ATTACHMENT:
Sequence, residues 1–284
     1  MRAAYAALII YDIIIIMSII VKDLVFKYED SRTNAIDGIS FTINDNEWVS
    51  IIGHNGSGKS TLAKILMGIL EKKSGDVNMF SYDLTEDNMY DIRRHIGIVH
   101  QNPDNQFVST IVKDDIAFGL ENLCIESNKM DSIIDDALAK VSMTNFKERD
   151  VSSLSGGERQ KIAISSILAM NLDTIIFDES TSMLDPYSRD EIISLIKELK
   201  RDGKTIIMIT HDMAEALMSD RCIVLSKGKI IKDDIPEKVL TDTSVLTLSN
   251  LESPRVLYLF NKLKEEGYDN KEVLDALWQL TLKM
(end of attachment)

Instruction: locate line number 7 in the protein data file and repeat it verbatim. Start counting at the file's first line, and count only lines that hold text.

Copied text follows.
   251  LESPRVLYLF NKLKEEGYDN KEVLDALWQL TLKM